VIOLENT police intervention at polling stations, a central takeover of power and the prospect of politicians being locked up for their stand are not exactly the hallmarks of democracy.
Yet that is the current picture in the Spanish region of Catalonia following their independence referendum on October 1.
Catalonia is not Scotland. But our own independence vote in 2014 and the ongoing debate about a possible second referendum make it easy, in the imagination, to transpose events from Barcelona to Edinburgh and realise the horror of what is happening.
What would the reaction here have been if David Cameron’s government had declared Scotland’s referendum illegal, sent in the police to fire rubber bullets at non-violent protesters, then imposed direct rule from Westminster and threatened to arrest senior Scottish political figures?
Following the referendum, which produced a 90 per cent vote for independence on a turnout of 43 per cent, Catalan leader Carles Puigdemont signed a declaration of independence - but immediately said he was suspending it for two months and called for talks with the Spanish government.
Instead, Spanish prime minister Mariano Rajoy is taking the unprecedented step of invoking Article 155 of the country’s constitution, giving him the power to dissolve the Catalan parliament. He insists all he is doing is upholding the law and he has no alternative.
But Mr Rajoy over-reacted to the ‘illegal’ referendum - and he is over-reacting to the situation now.
Rather than send in the Spanish police to seize ballot boxes and close polling stations, the government could have allowed the referendum to proceed and disregarded its result, as it did with Catalonia’s previous 2014 vote on independence.
And rather than arresting two of the independence leaders for ‘sedition’ - with the clear threat that similar treatment could follow for others - Mr Rajoy could agree to talks on Catalonia’s future.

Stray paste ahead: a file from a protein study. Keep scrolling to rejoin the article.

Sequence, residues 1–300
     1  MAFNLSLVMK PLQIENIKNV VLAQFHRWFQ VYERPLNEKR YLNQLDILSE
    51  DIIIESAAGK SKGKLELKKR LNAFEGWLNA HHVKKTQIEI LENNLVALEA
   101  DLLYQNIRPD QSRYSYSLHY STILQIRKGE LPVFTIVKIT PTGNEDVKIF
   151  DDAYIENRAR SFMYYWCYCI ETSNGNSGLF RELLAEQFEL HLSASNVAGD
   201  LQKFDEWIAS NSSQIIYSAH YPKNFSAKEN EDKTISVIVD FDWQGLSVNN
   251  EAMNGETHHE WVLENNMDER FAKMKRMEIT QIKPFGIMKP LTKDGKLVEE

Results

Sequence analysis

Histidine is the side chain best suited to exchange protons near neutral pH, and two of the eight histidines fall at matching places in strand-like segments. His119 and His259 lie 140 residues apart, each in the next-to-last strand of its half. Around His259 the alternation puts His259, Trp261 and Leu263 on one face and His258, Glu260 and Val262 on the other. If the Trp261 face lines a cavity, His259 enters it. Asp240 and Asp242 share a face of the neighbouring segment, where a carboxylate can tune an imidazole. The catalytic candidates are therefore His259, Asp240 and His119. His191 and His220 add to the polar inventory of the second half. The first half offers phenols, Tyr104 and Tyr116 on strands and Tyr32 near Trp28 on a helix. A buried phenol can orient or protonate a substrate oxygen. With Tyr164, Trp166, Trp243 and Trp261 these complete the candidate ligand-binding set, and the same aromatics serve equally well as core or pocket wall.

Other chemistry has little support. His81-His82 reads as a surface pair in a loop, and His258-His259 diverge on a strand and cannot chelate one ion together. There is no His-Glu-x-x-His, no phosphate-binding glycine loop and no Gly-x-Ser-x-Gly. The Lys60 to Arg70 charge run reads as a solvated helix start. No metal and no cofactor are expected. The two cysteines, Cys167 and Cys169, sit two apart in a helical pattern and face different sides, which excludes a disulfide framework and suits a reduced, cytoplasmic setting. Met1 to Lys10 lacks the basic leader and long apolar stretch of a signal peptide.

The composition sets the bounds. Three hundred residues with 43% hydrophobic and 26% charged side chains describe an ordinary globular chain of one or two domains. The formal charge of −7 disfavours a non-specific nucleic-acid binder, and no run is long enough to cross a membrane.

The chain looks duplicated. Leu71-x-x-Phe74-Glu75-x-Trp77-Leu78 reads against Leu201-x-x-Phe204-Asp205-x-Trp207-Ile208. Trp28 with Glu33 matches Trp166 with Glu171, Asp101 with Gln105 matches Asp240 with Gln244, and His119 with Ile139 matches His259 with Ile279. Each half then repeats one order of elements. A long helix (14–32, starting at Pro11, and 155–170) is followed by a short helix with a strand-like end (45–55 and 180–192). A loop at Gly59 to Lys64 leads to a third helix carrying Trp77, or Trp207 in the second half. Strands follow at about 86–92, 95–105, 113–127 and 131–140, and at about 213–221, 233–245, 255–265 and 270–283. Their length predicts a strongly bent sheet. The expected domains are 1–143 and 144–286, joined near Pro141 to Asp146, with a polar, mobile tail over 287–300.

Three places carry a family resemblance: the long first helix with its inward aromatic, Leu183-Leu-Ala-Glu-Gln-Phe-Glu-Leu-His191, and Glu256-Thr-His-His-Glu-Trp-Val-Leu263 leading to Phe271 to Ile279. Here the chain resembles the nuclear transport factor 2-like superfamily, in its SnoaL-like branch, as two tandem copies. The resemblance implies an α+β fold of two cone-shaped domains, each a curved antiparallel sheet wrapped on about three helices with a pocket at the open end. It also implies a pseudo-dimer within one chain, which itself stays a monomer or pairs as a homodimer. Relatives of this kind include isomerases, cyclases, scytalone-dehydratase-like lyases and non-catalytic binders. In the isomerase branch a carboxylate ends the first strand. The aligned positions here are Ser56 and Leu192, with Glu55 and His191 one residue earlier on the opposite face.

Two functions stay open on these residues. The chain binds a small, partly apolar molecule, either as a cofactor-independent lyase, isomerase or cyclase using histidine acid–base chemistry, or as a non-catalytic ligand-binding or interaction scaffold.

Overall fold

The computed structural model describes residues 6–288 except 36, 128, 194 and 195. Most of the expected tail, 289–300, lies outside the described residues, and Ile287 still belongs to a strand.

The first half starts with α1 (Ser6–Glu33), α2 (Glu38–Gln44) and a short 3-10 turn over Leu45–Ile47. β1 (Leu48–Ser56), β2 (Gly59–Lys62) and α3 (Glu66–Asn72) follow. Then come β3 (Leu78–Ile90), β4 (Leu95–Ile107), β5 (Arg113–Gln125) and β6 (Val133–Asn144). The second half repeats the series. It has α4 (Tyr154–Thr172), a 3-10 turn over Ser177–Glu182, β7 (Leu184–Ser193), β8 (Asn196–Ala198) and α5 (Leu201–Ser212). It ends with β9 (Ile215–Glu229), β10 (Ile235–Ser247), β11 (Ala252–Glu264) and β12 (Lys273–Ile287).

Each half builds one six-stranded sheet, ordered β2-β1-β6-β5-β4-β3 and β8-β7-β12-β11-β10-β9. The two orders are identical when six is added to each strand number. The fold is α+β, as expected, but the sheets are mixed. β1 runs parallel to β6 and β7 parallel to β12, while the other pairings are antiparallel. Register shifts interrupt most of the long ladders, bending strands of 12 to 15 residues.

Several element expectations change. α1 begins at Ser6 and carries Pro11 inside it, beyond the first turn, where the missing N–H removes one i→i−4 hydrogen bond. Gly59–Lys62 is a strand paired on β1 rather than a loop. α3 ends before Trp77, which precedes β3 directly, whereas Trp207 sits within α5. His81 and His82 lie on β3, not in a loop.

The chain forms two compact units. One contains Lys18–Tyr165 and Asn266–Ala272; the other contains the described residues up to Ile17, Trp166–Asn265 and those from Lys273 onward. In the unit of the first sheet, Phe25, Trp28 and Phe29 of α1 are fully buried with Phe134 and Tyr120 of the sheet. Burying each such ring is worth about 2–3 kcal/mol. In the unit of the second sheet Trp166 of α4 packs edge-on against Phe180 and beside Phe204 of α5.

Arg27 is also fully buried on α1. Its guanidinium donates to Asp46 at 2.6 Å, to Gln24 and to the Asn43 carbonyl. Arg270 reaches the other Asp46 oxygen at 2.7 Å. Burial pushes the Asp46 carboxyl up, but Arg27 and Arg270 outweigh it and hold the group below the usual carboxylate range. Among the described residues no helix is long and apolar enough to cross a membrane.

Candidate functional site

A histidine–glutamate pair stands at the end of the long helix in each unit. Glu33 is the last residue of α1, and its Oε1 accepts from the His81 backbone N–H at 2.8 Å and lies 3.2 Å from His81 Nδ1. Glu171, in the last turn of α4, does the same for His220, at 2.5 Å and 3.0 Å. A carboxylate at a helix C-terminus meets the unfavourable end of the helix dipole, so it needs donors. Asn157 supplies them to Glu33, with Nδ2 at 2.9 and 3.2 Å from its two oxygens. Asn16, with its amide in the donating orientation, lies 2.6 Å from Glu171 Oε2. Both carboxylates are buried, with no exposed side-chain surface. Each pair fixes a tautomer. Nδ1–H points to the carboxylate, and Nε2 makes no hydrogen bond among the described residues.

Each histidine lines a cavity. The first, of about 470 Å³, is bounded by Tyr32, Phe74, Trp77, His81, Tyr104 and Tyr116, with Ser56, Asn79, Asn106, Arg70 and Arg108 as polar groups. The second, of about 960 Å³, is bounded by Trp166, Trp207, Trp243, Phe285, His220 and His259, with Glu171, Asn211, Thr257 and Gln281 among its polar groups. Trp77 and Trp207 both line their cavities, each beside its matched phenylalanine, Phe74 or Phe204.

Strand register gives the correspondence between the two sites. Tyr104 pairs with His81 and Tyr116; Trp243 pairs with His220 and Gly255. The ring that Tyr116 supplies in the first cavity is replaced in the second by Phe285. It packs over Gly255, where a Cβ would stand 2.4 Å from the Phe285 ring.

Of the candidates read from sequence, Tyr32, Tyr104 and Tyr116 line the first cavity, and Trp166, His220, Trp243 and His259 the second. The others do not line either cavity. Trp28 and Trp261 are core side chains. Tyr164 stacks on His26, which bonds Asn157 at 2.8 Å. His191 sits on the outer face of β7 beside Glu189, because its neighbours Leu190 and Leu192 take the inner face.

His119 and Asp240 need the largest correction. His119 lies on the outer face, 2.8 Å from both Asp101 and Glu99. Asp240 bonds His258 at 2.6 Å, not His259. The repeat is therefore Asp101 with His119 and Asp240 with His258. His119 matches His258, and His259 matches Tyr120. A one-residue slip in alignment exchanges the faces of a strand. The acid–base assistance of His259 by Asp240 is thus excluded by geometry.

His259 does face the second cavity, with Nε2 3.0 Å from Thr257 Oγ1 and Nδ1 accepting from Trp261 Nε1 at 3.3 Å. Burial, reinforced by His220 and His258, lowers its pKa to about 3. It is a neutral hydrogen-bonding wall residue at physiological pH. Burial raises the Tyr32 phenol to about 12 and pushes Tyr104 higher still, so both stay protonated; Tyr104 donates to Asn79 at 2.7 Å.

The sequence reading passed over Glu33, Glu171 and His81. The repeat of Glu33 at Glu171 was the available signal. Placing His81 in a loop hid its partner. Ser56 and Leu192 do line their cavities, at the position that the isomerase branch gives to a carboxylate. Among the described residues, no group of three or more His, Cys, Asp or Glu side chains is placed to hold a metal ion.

In the end, these issues cannot be settled without dialogue and refusal to enter talks at this crucial point is wilfully to opt for confrontation.
People in Catalonia, just like people in Scotland, are divided on the matter of independence. One poll found 55 per cent of Catalans do not think the referendum is a valid basis for declaring independence.
But the issue at the moment is the preservation of democracy. And it is extremely disturbing that Spain - which lived under dictatorship up until the death of Francisco Franco in 1975 - should be seeing police violence, central state action against a locally elected parliament and politically-motivated jailings. Mr Puigdemont has called it a de facto coup d’etat.
It is equally alarming that in the face of such developments, leaders of other European countries, including Germany’s Angela Merkel and France’s Emmanuel Macron, have backed Mr Rajoy’s stance.
UK Foreign Secretary Boris Johnson washed his hands of the issue, saying it was a matter for Spain. First Minister Nicola Sturgeon, however, has rightly said the stand-off “can only be resolved through dialogue”.
This is not a little local concern in a faraway country. It is a serious threat to democracy on our doorstep. And it presents a real test for European leaders, which they are currently failing.